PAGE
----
One of the most interesting parts, however, is at the end of the exhibit, where visitors can sit in a mock courtroom to learn what happened after Titanic sank -- accounts from those involved, who was held responsible and which new safety measures were enacted as a result. The museum can be easily reached via Uber or a taxi from the train station, the cruise ports or any spot downtown.

4. Fairview Lawn Cemetery, Halifax, Nova Scotia

Lovely but haunting Fairview Lawn Cemetery in Canada's Halifax, Nova Scotia, has come to be known as the "Titanic cemetery." After the ship's sinking, many of the bodies were brought to Halifax to be processed. Fairview Lawn now serves as the final resting place for 121 passengers and crew, more than 40 of whom were never identified.

Stops at the cemetery are standard on most Halifax highlights tours, which can be booked either through your cruise line or independently.

Related: Titanic 2: Everything You Need to Know

5. Titanic Memorial Park, New York

At the insistence of the infamous Margaret "Unsinkable Molly" Brown, New York's Titanic memorial was built -- originally on top of a church overlooking the East River. It featured a working time ball that would descend a pole each day at noon. In 1976, the memorial was donated to the South Street Seaport Museum and relocated to the corner of Fulton and Pearl Streets, next to the museum building.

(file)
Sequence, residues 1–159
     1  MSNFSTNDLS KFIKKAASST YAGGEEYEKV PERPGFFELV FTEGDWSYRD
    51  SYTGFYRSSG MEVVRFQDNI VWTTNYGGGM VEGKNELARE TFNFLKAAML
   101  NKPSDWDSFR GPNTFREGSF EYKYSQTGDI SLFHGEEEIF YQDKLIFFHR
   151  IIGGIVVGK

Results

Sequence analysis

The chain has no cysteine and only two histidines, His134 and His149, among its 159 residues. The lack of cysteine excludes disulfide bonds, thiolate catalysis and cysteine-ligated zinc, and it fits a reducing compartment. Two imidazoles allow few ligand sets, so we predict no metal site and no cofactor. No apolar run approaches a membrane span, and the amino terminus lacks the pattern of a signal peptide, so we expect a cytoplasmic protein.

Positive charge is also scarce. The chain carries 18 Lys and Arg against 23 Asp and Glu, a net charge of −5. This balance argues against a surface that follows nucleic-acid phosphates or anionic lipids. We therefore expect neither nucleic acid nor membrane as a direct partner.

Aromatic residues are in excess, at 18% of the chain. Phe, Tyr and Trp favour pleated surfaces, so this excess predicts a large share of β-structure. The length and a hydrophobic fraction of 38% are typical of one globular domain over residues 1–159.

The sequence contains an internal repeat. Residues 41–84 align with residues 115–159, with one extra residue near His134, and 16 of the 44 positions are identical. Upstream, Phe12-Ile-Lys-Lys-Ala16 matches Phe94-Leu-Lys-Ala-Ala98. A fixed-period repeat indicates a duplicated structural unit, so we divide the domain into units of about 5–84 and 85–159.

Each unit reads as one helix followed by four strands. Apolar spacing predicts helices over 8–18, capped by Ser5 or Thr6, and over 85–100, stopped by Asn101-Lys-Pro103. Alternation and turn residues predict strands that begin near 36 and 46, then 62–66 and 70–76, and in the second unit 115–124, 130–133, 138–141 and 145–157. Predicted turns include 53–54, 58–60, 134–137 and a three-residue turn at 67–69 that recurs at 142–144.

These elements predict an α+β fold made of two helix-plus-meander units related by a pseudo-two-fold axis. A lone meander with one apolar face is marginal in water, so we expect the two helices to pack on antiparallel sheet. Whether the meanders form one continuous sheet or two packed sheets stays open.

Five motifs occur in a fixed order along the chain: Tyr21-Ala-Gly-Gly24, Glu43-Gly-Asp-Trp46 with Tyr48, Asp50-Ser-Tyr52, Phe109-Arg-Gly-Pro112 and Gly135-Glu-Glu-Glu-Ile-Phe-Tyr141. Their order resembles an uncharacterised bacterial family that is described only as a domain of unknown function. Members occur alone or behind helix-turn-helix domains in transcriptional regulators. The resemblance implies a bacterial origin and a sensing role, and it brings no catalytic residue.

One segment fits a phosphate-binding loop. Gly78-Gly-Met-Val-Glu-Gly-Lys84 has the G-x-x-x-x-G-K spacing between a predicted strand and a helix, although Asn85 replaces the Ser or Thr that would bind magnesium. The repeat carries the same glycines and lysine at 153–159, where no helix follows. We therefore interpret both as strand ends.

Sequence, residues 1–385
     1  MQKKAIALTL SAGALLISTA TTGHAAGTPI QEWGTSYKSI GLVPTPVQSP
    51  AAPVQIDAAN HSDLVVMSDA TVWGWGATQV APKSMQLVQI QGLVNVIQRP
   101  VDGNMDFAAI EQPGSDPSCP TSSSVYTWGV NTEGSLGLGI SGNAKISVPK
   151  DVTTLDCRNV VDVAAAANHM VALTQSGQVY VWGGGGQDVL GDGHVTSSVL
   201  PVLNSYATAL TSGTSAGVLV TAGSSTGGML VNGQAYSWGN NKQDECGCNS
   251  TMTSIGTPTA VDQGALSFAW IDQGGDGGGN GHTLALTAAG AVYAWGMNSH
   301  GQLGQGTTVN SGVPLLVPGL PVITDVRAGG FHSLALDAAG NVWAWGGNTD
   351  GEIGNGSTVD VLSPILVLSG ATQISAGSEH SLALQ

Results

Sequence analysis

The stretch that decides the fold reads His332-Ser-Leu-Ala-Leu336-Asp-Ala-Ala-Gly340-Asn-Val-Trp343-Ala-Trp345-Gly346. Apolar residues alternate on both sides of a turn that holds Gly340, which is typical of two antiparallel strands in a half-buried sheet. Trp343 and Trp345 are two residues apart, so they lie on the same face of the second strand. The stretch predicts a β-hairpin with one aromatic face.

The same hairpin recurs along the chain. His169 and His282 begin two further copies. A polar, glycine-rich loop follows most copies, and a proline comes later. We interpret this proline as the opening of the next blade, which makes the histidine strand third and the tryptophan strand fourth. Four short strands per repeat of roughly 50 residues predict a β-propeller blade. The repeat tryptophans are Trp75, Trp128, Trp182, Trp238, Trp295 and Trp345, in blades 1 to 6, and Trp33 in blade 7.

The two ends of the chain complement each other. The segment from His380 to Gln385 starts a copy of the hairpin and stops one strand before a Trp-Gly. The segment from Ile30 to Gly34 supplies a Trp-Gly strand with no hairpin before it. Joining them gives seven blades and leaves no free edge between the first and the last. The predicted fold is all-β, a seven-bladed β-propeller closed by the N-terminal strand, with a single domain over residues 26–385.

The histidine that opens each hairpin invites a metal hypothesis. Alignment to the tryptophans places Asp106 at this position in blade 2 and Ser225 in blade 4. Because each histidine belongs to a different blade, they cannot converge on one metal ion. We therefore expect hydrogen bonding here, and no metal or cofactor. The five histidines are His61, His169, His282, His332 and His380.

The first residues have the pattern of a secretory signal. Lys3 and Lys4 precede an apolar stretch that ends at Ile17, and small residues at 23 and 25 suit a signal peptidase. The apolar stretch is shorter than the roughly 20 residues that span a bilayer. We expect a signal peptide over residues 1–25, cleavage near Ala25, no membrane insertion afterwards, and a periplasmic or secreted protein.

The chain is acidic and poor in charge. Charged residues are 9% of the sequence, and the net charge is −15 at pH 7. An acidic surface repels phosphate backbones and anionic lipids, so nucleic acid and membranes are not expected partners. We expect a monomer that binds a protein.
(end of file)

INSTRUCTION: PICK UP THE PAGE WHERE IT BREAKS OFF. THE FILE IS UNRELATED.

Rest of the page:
Although the timepiece no longer functions, the memorial is still worth visiting if you have an interest in all things Titanic. Follow it up with a visit to the seaport museum for an even bigger dose of maritime history. Maritime walking tours of New York often include a visit to the South Street Seaport and a stroll past the Titanic memorial.

6. White Star Line Pier, New York

Following your visit to Titanic Memorial Park, take the subway, a taxi or an Uber to Pier 54 at Chelsea Piers. Formerly belonging to the White Star Line, Pier 54 was slated to be Titanic's pier in New York when it docked at the conclusion of its maiden voyage. Although the White Star Line no longer exists, the eerie remnants of the dilapidated dock are left to remind us all of the ship that never arrived.

7. Titanic Artifact Exhibition, Orlando

If you're a fan of Titanic history and your cruise starts or ends in Port Canaveral, make your way to "Titanic: The Artifact Exhibition." In addition to re-creations of the promenade, boiler room and grand staircase, the exhibit houses more than 300 artifacts rescued from the actual ship. Plus, costumed actors play the roles of famous passengers to give the experience a more immersive feel, and visitors can check out memorabilia from James Cameron's "Titanic" film. A trip to the museum takes just a couple of hours, making it particularly suitable for travelers with small children, limited time or both.

Publish date January 08, 2020